Duvall UAV Lidar
Wed, May 18, 2022
Resilient Forestry was contacted by a landowner in the Spring of 2021 to help them understand and effectively manage their property. As a new forestland steward, the land was purchased with the intention of it being a place to spend time with family, to provide quality habitat for wildlife, to contribute towards the sequestration of carbon, and to increase the economic value of the land. With a variety of goals and enthusiasm for creative solutions, our client was excited to explore different ways of seeing and understanding the property.
We installed a series of forest inventory plots and used this data to write a forest stewardship plan that abided by all regulatory requirements. This allowed the landowner to have a clear understanding of the property's current conditions and potential management pathways. The landowner was interested in collecting UAV lidar data for the property, both to enhance the resolution of the descriptions of the resources on the property, as well as identify and locate structurally complex trees on the property- which was of special interest to them. Therefore, we subsequently collected and processed UAV lidar data for the property.
We ended up doing a fairly involved exploration of the relationship between the lidar data we collected and the inventory plots we installed on the property. We collected highly-precise plot GPS locations for each ground inventoried plot, and we were expecting to be able to create some relationships between the field measurements and the lidar data for individual plot areas to model across the property. Unfortunately, six inventory plots turned out to be too few to build a statistically significant model, so we weren't able to create any significant data products from that analysis.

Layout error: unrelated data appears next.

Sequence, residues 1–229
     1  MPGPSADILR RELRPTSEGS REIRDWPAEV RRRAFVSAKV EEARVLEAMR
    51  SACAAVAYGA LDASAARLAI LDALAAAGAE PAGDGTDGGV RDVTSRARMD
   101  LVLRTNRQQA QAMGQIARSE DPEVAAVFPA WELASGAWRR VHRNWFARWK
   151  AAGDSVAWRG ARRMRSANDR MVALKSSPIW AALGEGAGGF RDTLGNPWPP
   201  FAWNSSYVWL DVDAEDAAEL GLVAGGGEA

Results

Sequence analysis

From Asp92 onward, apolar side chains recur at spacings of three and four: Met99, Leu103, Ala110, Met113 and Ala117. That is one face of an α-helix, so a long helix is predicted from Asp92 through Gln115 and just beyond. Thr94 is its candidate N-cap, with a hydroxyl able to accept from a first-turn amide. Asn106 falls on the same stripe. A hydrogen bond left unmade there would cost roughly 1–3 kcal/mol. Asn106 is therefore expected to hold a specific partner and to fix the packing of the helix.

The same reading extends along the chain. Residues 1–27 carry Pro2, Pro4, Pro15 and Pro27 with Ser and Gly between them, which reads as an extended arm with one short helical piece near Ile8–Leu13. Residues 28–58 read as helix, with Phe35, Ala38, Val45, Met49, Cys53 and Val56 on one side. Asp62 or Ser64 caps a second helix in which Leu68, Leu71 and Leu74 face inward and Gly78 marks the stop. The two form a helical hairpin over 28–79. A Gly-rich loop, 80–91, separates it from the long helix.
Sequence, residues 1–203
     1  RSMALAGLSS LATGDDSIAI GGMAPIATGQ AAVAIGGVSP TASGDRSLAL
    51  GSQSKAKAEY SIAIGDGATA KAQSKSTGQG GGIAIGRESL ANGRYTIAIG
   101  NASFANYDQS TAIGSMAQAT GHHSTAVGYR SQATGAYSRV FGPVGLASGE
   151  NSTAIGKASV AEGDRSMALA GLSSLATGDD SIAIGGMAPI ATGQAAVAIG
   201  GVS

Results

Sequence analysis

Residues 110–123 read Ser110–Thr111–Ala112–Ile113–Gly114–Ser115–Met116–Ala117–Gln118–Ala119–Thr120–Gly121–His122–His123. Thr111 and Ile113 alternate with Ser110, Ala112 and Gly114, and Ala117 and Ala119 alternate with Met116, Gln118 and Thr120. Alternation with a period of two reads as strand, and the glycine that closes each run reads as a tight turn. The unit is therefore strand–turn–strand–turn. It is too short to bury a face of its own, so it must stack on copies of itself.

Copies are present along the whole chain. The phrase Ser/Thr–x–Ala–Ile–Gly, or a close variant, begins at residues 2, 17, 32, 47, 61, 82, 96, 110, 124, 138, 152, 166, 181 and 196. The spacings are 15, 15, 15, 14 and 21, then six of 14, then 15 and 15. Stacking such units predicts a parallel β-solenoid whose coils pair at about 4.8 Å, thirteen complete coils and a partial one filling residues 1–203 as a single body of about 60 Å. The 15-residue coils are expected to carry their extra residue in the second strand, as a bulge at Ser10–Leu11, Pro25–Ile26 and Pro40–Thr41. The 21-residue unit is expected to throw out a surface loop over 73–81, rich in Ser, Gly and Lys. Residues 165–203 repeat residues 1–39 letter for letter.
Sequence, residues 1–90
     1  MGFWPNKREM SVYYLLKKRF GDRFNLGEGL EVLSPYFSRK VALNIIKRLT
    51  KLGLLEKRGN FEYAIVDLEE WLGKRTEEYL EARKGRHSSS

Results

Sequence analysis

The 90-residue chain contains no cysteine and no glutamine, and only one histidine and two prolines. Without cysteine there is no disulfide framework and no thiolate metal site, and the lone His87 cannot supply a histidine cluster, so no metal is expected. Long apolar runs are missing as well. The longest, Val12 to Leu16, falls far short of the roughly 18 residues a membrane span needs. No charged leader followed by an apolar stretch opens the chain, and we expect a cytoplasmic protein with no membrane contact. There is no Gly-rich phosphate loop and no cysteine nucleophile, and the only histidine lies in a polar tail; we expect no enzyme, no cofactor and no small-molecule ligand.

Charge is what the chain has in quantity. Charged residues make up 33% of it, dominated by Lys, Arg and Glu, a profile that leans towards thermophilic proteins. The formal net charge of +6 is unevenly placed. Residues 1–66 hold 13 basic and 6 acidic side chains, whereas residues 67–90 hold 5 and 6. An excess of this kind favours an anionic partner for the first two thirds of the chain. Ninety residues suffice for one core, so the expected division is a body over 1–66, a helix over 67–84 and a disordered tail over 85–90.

We performed a process known as "tree segmentation" in order to identify what is described as a "tree approximate object" or "TAO." Each TAO represents a single dominant tree and may include zero or more understory trees or branches from adjacent trees. Due to the nature of how lidar data describes forest structural conditions, this is currently the best method for identifying individual trees with this type of data. This process involves developing a continuous surface of the forest canopy known as a canopy height model which is then used to perform a watershed segmentation algorithm to identify non-overlapping regions defining the horizontal space in which each TAO exists. We then classified all points by the TAO that they represented.
We developed statistical models based on the field data we collected on the property to estimate three tree inventory metrics including: tree height (ft), height to the base of a live crown (ft), and tree diameter at breast height (in). We applied this model to each TAO. We have also created an animation for each TAO which spins the point cloud data giving a visualization for each TAO (renders). We created a reference map for the property to find the unique identifier for each TAO that we identified, allowing for quick lookups of both modeled data and renders. This pdf was georeferenced and can be loaded onto the Avenza mapping app. This way, the property owner can use a phone or tablet to navigate within the property and find these TAOs on the ground.